This is backed up by the fact that the fossils belonging to the type specimen included several prosauropod dinosaur cervical ribs found in the mouth of the dinosaur we’re discussing today.
This prompted scientists to argue that the creature choked to death while feasting on a prosauropod.
Others, however, suggested that the ribs belonged to the Cryolophosaurus itself, and it’s no evidence that the creature was feeding on a prosauropod when it died.
It is also believed that the creature was likely capable of preying on much larger prey, such as large sauropods and sauropodomorphs, which have been associated with the same geological quarry as the Cryolophosaurus.
Another interesting behavioral trait of the Cryolophosaurus is that it might’ve engaged in cannibalism.
Several theropod teeth were found near the holotype specimen, and paleontologists believe they belonged to a juvenile Cryolophosaurus.
Some paleontologists and biologists regarded it as an indication of cannibalistic behavior.
The physiology of the creature’s hindlimbs indicates that it could run at high speeds or, at least, engage in quick movements.
This confirms again that the Cryolophosaurus was an excellent predator.
Apart from this, little is known about its lifestyle, behavior, and diet.
However, there’s one thing we haven’t mentioned yet – the function of the distinctive crest.
Some theories suggest it might have been used for intra-species recognition.
It might’ve also been used as a weapon, too, but other specialists rushed to disapprove of this theory, sustaining that the crest could have cracked easily if used in combat.
Apart from what is listed above, the Cryolophosaurus might have used its bizarre crest for mating purposes, such as sexual display or mating selection.
Like all dinosaurs, the Cryolophosaurus reproduced by laying eggs.
Like with other dinosaurs, male Cryolophosaurus dinosaurs likely had internal testes and a retractable penis, while the females had paired ovaries and oviducts.
Additionally, they had a system similar to that of crocodilians where the mature eggs were stored while awaiting fertilization.
Unlike modern birds, who reproduce by laying only one egg at a time because they have only one functional oviduct, dinosaurs lay two eggs at a time.
Scientists believe the eggs formed as they do now in crocodiles and birds.
Unfortunately, since egg fossils are rare, it’s unknown what Cryolophosaurus eggs looked like, what kind of nests these dinosaurs used, and whether or not the eggs were incubated.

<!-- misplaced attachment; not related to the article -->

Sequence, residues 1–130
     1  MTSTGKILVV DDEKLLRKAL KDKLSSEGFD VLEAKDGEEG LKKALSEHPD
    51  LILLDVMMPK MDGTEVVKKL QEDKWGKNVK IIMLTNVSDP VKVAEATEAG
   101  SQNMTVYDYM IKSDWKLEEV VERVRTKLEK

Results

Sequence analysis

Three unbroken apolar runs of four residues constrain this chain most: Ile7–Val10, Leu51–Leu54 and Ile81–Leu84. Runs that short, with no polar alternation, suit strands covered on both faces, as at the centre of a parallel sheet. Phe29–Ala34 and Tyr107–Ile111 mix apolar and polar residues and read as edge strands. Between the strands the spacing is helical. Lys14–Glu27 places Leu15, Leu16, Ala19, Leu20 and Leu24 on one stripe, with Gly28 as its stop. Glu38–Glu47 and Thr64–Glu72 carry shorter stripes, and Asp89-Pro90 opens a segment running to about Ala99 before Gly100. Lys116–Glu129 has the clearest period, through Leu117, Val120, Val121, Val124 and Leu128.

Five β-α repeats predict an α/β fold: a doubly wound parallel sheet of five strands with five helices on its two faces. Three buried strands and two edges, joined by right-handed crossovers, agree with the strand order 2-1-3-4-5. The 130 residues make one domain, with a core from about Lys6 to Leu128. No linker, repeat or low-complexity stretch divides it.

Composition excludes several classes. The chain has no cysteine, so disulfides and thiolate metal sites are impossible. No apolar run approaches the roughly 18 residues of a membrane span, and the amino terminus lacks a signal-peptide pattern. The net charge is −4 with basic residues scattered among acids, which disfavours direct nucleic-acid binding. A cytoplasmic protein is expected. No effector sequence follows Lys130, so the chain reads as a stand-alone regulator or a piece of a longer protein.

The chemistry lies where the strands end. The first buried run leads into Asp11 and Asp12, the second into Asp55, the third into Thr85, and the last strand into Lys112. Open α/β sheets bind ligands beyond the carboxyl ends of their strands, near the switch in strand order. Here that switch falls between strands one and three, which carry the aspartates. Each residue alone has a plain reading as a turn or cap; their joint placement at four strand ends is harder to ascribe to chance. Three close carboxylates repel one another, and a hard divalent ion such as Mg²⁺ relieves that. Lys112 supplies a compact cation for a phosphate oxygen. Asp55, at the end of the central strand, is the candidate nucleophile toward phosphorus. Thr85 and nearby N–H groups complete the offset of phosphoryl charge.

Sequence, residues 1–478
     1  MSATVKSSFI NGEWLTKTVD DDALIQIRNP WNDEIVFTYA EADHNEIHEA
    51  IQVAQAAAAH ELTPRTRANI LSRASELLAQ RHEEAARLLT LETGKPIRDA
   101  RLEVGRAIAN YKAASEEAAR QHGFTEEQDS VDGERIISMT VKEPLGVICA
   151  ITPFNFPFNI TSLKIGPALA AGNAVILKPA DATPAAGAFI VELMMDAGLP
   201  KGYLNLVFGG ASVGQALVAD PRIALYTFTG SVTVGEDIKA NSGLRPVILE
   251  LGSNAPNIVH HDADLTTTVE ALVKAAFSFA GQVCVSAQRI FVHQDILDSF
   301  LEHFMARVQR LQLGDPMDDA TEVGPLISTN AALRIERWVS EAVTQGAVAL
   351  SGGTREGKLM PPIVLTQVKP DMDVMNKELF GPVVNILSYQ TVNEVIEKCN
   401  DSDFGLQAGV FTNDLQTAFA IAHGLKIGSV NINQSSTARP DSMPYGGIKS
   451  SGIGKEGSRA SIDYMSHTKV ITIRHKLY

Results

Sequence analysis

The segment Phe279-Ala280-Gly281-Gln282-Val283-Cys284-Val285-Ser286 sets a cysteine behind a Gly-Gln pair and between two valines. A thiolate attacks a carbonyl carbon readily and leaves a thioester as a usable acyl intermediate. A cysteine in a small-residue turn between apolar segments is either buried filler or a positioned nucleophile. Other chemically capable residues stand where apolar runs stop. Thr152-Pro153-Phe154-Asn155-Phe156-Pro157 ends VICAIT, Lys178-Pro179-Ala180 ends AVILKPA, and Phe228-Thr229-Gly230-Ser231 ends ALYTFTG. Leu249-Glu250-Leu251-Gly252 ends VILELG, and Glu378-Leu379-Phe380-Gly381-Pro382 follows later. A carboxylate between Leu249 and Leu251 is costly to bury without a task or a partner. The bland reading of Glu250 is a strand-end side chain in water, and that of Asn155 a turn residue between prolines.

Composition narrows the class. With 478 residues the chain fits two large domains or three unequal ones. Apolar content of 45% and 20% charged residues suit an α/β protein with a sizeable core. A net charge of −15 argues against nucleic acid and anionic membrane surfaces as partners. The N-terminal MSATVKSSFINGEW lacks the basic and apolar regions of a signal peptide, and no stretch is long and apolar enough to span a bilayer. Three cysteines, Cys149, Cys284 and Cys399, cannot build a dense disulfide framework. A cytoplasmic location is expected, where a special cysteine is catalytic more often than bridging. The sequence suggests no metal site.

Based on the incubation period of crocodiles and birds, scientists calculated that theropod eggs, including Cryolophosaurus eggs, likely required an incubation period between 60 to 90 days, and the hatchlings probably needed their parents’ help to crack the egg.
Whether baby Cryolophosaurus were precocial remains a mystery.
However, since the evidence shows that many baby dinosaurs were precocial, meaning they were pretty independent right after birth, we cannot rule out the possibility that baby Cryolophosaurus were precocial too.
Evolution and History
As you’ve already learned, the Cryolophosaurus was a theropod, so it’s of the essence to start this discussion by outlining some significant facts about the theropod’s evolutionary history.
It is believed that the earliest theropods were Eodromaeus and the carnivorous dinosaurs Herrerasauridae of Argentina.
As such, the most primitive theropods likely roamed through North and South America but eventually spread to other parts of the world.
These creatures lived around 230 million years ago, and they were followed by many other different theropods whose fossils were discovered over time, thus helping paleontologists outline the theropod evolutionary history.
The genus we’re discussing today, the Cryolophosaurus, is part of the Neotheropoda clade, the only theropod clade with species that survived the Triassic-Jurassic extinction event.
This clade includes modern birds.
As such, since the Cryolophosaurus is also part of this clade, we might say it’s a very distant (although closer than other dinosaur species) relative of modern birds.
However, the Cryolophosaurus wasn’t always considered a neotheropod.